mph.mul(h) feels clunky. We want our Hour and Mile types to feel like numbers, but without operators that's just not possible in Java.
In languages like C++ that support custom operators, we can get further. Here's what the same program looks like in C++:
We can do
mph * h now. Woohoo! That said, there's more to truly growable languages than operator overloading! Our types still clearly aren't proper numbers. Many existing functions that operate on numbers expect their inputs to look a certain way. For example, the standard math library2 offers three flavors of absolute value:
abs(double x), abs(float x), abs(long double x). All three of these are built-in primitive types, just like in Java. To use this function on a Miles object, we'd need to do something like
Miles(abs(miles.value)). Again, this works, it just doesn't feel right. We know that Miles and Hours are numbers, so why doesn't the compiler know it too?
Another factor of language growability is the level of abstraction built into and expected by the language: for example, whether standard libraries typically operate on interfaces or typeclasses3, or on concrete types. An interface is a description of behavior. For example, the
Num typeclass in Haskell guarantees the existence of
*, etc, but not what they do. A concrete type is a description of identity, like
Bignum. As discussed above, nearly all math libraries in C++ expect numbers to look a certain way, usually based on the primitive
float types. Custom numeric types aren't compatible with these libraries without a bunch "unwrap value, apply function, wrap up value again" boilerplate. In contrast, many numeric libraries in Haskell operate on the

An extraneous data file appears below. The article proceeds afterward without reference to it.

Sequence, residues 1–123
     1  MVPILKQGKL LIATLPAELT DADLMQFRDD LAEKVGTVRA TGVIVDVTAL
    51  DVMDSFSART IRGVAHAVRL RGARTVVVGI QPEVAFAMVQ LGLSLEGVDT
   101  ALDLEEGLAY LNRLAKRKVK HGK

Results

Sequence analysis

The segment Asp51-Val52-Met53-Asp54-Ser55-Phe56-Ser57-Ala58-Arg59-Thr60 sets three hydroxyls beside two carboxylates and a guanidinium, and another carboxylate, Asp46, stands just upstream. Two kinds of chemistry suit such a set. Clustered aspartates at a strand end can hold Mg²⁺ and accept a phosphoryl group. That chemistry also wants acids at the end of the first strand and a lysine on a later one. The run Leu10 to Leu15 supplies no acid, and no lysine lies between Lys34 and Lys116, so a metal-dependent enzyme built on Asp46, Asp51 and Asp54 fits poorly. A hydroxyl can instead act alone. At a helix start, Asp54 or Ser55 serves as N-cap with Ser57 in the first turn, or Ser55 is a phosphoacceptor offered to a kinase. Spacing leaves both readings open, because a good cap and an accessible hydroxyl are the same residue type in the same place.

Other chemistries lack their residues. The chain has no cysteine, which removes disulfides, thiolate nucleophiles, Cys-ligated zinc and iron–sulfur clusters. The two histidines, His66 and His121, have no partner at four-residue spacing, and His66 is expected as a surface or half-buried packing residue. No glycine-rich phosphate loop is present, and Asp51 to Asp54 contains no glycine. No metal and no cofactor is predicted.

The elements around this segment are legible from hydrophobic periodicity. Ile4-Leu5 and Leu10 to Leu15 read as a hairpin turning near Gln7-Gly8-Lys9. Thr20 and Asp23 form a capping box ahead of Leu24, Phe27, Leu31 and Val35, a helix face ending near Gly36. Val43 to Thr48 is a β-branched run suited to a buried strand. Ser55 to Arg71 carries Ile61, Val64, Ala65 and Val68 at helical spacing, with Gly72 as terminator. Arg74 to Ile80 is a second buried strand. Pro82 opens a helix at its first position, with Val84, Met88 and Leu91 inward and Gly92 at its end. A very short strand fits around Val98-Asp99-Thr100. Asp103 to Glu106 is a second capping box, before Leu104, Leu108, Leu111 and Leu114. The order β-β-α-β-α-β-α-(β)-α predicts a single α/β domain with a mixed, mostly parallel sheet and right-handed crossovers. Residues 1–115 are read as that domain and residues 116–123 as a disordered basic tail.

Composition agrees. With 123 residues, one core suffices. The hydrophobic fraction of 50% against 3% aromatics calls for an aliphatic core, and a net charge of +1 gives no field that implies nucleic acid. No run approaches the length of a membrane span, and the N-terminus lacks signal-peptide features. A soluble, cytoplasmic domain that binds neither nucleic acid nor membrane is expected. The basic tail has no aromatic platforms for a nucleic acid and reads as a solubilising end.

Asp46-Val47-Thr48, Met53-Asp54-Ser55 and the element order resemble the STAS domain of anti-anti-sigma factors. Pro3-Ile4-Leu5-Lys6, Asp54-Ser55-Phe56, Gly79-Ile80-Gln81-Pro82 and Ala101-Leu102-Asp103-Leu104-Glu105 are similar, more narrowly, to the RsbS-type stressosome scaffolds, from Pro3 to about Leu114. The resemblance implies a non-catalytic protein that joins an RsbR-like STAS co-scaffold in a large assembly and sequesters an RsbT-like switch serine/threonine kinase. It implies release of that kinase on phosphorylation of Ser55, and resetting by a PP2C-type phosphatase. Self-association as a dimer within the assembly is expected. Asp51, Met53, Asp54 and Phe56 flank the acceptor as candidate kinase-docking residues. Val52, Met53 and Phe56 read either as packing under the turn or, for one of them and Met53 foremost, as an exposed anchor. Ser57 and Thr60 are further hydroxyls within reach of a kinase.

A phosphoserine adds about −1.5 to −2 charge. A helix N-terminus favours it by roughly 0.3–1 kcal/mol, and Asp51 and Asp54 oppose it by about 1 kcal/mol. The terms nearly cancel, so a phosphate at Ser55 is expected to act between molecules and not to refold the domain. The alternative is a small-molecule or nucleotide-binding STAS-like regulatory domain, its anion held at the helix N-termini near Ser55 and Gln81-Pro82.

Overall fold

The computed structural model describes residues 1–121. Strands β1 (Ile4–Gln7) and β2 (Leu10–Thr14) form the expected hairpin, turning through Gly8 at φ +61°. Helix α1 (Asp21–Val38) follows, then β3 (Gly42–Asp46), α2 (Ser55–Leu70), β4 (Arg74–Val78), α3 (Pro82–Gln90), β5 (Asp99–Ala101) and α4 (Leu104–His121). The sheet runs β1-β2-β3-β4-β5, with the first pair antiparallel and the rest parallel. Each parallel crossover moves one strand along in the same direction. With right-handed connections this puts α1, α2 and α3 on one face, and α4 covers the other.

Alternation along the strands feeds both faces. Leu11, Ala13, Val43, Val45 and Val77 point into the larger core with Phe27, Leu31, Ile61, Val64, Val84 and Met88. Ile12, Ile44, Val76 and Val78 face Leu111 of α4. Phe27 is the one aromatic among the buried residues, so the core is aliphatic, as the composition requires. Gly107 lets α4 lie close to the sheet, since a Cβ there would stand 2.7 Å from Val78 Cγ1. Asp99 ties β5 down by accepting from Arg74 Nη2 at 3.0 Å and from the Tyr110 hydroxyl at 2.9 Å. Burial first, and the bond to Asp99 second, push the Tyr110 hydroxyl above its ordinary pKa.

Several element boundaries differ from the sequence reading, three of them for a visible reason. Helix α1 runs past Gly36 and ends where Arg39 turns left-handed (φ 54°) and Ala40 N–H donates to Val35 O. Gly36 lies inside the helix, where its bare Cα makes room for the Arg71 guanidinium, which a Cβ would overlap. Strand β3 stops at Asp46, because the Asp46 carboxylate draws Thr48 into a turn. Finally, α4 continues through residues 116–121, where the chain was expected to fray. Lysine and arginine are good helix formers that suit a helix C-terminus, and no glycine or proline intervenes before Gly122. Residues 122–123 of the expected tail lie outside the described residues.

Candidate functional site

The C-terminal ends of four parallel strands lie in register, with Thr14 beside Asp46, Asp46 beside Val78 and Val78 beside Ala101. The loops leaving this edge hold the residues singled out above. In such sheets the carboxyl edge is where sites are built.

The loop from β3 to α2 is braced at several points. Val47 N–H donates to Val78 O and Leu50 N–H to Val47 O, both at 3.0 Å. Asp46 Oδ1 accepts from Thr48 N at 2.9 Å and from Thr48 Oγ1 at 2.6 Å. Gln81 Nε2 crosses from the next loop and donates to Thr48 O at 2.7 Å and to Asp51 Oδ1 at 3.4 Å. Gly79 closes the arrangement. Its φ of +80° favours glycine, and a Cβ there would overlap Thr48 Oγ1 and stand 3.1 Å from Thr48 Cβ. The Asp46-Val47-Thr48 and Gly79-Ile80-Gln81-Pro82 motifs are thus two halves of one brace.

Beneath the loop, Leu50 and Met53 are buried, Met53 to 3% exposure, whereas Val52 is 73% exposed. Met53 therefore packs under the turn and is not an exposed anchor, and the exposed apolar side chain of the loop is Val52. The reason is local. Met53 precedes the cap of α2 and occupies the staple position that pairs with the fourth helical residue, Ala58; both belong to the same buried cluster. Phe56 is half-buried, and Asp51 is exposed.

Num typeclass; if we make our new type an instance of this typeclass then we can take advantage of these existing libraries for free. Here's that same program one last time, in Haskell. The code is heavily commented, since Haskell is less familiar and intuitive than Java or C++ for many programmers, myself included.
Notice that this time around, our new numeric types can be used with some builtin math libraries, like the
sum function that operates on a list of
One of Steele's central points in Growing a Language is that as a user of a programming language, you will inevitably need a feature that the language creators didn't or couldn't implement. At this point you have two choices: do something else, or implement it yourself. Often enough, doing something else is the right choice. Sometimes there's a good reason that a feature doesn't exist--maybe there's a better approach, or maybe you're just trying to do something stupid and the language wants to save you from yourself. The rest of the time, though, having the option to implement missing language features or even missing language syntax4 is a huge boon to developer productivity and happiness.
+ operator can also be used for String concatenation, a great example of language implementors breaking their own rules for convenience while preventing users from doing the same. ↩
 There are important differences between interfaces (à la Java) and typeclasses (à la Haskell), but they're thoroughly out of scope here. Check out this paper by Lämmel and Ostermann if you're interested. ↩